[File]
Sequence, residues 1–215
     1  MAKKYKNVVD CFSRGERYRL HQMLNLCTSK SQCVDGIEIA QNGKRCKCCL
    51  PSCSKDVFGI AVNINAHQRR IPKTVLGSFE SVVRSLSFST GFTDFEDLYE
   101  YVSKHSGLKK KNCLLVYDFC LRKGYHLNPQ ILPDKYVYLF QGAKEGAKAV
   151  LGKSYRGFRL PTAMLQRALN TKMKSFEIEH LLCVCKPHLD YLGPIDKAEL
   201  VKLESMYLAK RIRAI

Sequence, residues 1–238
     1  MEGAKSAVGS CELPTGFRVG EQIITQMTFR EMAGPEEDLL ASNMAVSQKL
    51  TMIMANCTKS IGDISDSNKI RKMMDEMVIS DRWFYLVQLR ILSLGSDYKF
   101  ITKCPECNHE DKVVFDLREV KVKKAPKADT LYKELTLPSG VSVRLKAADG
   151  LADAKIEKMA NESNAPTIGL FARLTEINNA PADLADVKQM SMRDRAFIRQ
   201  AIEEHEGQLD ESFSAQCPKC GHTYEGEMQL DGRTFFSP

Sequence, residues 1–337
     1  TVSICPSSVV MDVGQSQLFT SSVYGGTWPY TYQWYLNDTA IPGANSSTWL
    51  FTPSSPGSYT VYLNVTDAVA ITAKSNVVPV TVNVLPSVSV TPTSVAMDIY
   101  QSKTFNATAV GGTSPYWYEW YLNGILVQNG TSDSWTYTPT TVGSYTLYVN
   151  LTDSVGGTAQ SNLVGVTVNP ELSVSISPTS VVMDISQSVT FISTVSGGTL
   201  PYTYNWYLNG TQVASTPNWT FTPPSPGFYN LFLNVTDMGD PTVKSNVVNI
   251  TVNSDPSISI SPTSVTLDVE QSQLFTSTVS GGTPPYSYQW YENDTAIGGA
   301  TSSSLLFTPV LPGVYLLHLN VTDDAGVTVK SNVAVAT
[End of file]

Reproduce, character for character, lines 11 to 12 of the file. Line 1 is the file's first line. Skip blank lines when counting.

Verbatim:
   151  LADAKIEKMA NESNAPTIGL FARLTEINNA PADLADVKQM SMRDRAFIRQ
   201  AIEEHEGQLD ESFSAQCPKC GHTYEGEMQL DGRTFFSP